"[If] at any time either before the commencement of, or during, play in the Phase 4 Secure Zone, either the NHL or the NHLPA believes that conditions in which the commencement or continuation of play would likely create a material risk to Player health and safety and/or jeopardize the integrity of the competition are imminent or may have emerged, which conditions may include an uncontrolled outbreak of COVID-19 in the Players of one or more Clubs participating in Phase 4, that party shall immediately notify the other of its belief, following which the parties shall jointly consult with the NHL Event Medical Director, the NHLPA Medical Consultant, participating Players, General Managers, and such infectious diseases experts as they may consider advisable."
What happens then? Bettman (or someone designated by him in the NHL) consults with Don Fehr (or someone designated by him in the NHLPA) on whether to "postpone, delay, move or cancel games" if there is a material risk to players' health and safety.
There's also another consideration, to answer perhaps the second-most asked question: What happens if COVID-19 positive tests devastate a team's roster? The Phase 4 document says that the NHL and the NHLPA can postpone or cancel games if the continuation of those games would "jeopardize the integrity of the competition."
One last thing: If the NHLPA doesn't like how Gary Bettman rules on this protest, then the fate of the NHL restart could be put in the hands of an "impartial arbitrator." And you thought the conjecture over appeals of lengthy suspensions was contentious!
10. Finally, can they pull this off?
I've spoken to several epidemiologists over the past few months and have asked them the same question. Their answers were in sync on best practices for pro sports attempting to restart: frequent testing of everyone involved in the games and a bubble around the competition that separates those involved from the general public as well as possible.
The Phase 4 protocol clearly reflects that thinking. It's a plan that, in theory, could allow for the season to be completed in two cities that currently don't have the alarming infection rates of some U.S. locations. That is, if all goes well, barring the unforeseen and unanticipated.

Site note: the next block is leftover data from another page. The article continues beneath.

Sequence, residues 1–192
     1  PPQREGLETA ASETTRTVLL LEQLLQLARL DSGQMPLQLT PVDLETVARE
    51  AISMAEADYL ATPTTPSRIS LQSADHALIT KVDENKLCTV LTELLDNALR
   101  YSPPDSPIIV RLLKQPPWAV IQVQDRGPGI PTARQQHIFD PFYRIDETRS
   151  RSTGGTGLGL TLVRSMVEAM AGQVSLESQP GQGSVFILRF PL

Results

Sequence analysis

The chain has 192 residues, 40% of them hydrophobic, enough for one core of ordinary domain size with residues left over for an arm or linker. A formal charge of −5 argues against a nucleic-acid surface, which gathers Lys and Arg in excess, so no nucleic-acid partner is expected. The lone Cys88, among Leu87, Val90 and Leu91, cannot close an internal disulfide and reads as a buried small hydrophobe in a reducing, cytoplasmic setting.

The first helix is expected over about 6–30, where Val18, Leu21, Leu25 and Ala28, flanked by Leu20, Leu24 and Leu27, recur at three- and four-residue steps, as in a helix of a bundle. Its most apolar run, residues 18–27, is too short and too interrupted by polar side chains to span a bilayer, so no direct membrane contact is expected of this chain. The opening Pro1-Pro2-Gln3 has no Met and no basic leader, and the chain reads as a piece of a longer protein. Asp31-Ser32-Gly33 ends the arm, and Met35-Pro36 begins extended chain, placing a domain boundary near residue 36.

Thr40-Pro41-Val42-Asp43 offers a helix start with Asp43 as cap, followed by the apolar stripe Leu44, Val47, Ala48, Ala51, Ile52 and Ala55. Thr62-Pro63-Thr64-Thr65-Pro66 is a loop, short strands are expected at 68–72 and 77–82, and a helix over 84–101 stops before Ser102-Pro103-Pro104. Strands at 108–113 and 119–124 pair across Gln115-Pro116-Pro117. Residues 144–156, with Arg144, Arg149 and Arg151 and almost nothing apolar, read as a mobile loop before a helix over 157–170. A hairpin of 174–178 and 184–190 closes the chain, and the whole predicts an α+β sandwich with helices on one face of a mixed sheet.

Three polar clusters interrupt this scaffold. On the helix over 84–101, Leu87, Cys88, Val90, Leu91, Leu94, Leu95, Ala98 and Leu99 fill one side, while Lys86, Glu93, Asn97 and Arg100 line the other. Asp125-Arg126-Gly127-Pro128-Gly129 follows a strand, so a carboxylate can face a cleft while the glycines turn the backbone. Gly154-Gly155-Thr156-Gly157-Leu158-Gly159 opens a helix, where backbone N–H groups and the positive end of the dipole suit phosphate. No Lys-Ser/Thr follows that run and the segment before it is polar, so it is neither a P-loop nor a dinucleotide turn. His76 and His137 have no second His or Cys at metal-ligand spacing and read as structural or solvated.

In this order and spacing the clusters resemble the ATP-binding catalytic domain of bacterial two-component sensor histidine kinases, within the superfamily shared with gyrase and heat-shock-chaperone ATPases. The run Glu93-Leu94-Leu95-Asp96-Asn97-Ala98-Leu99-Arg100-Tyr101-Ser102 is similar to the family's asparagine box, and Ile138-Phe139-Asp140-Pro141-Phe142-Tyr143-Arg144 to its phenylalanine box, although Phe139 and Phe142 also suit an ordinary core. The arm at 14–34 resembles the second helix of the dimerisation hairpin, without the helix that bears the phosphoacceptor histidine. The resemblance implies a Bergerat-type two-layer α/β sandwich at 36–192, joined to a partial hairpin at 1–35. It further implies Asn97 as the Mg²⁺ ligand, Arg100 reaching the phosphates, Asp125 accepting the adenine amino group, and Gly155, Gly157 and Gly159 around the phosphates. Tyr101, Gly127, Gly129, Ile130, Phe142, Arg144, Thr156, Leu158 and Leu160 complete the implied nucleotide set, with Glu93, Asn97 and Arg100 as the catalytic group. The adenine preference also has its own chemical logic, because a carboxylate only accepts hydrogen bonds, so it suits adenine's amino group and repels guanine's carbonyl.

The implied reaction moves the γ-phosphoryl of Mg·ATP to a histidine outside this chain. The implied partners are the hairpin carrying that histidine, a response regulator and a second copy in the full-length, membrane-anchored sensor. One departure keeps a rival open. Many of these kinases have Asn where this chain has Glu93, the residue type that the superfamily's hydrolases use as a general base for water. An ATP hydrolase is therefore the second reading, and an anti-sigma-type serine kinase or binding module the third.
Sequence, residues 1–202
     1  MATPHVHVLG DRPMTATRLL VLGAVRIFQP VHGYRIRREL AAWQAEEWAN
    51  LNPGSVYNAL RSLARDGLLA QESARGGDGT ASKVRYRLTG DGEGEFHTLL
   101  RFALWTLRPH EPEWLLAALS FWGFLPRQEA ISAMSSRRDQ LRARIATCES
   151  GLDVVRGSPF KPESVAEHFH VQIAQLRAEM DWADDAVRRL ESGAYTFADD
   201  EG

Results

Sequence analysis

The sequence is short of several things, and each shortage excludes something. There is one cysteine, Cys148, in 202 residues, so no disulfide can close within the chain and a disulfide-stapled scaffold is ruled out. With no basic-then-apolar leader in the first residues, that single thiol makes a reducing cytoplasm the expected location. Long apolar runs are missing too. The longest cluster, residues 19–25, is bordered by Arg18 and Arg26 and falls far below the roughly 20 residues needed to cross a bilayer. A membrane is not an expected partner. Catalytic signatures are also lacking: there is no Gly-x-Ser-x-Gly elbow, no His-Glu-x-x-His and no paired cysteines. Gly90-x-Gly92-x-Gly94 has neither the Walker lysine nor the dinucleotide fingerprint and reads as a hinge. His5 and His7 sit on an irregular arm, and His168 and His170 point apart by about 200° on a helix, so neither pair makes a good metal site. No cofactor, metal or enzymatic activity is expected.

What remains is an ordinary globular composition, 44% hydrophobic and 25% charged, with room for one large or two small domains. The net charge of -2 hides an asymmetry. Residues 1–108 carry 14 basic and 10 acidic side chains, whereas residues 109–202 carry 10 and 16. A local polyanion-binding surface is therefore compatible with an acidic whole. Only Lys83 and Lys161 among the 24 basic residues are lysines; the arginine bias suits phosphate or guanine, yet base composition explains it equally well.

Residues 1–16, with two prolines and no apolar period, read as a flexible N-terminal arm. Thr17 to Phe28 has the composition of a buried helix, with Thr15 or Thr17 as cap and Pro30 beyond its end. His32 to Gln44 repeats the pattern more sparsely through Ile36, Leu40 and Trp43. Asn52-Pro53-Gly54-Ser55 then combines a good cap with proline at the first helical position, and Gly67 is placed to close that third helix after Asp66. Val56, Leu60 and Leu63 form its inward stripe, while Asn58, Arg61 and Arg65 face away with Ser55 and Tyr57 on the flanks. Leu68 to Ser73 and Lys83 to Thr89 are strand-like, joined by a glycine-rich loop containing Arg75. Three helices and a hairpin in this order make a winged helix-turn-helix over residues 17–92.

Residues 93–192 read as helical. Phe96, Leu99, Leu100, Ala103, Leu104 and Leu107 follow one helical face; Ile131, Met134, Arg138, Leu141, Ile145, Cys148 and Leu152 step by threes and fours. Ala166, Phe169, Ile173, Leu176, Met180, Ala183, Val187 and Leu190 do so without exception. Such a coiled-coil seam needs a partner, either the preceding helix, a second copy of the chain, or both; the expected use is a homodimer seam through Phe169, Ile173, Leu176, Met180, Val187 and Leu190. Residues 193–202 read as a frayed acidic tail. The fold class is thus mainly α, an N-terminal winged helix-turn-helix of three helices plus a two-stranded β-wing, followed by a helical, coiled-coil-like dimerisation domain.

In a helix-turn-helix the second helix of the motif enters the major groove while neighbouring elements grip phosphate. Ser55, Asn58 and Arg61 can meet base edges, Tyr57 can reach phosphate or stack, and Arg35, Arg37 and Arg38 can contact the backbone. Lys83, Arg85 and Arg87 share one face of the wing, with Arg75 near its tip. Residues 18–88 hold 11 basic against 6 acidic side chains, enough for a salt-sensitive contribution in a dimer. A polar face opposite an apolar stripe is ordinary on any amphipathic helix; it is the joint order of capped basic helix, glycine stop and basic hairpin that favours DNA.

But it's a virus. It spreads despite the best-laid plans. And this is a contact sport that won't have any face shields or masks around gameplay. This is a "bubble" with hundreds of people, with varying degrees of dedication to health protocols.
In the minds of many fans, "can they pull this off?" remains a secondary consideration to whether they should.
From reader Chris C.:
From the Jersey Foul archives... pic.twitter.com/m9PYpDbkJ5— Greg Wyshynski (@wyshynski) July 8, 2020
Is this fan saying that Alex Ovechkin is a product of Nicklas Backstrom? That Backstrom is nothing but a number without Ovechkin? Was this a fan who hopped on the bandwagon after the Stanley Cup win? It's all very odd!
Three things about the Blackhawks
1. The Chicago Blackhawks had to respond to calls for sports teams to rebrand their Native American names and iconography. "Through a genuine and ongoing dialogue we continue to learn about the needs of the native people in our community, display a reverence for their culture and their traditions, and understand the need for constant communication regarding the use and the depiction of native marks," the team said in a statement ...
... wait, sorry, that was their statement in 2013. Just to give you a sense of how long this conversation has been going on.
2. Here's what the Blackhawks had to say about the current movement to rebrand teams with Native American iconography, via the Sun-Times: "The Chicago Blackhawks name and logo symbolizes an important and historic person, Black Hawk of Illinois' Sac & Fox Nation, whose leadership and life has inspired generations of Native Americans, veterans and the public.
"We recognize there is a fine line between respect and disrespect, and we commend other teams for their willingness to engage in that conversation. Moving forward, we are committed to raising the bar even higher to expand awareness of Black Hawk and the important contributions of all Native American people. We will continue to serve as stewards of our name and identity and will do so with a commitment to evolve. Our endeavors in this area have been sincere and multifaceted, and the path forward will draw on that experience to grow as an organization and expand our efforts."
3. I've listened to a lot of views on the Blackhawks through the years, seeking out those from the Native American community. Many of them consider this cultural appropriation that has to end.
Scott Powers' recent piece for The Athletic offered multiple viewpoints on the matter, including this one from Julia Kelly of the Apsaalooke Nation, who used to lump the Blackhawks with Washington's football team name and the Cleveland Indians' mascot but no longer does.
"If you look at the Blackhawks' games from 10 years to where you had people in the stands wearing costumes -- which is what it is, costumes -- and how offensive that is, to now, I am happy," she said. "Because that means the relationship between the Blackhawks team and the Native American community, there's an understanding and putting it out to the fans that this is offensive."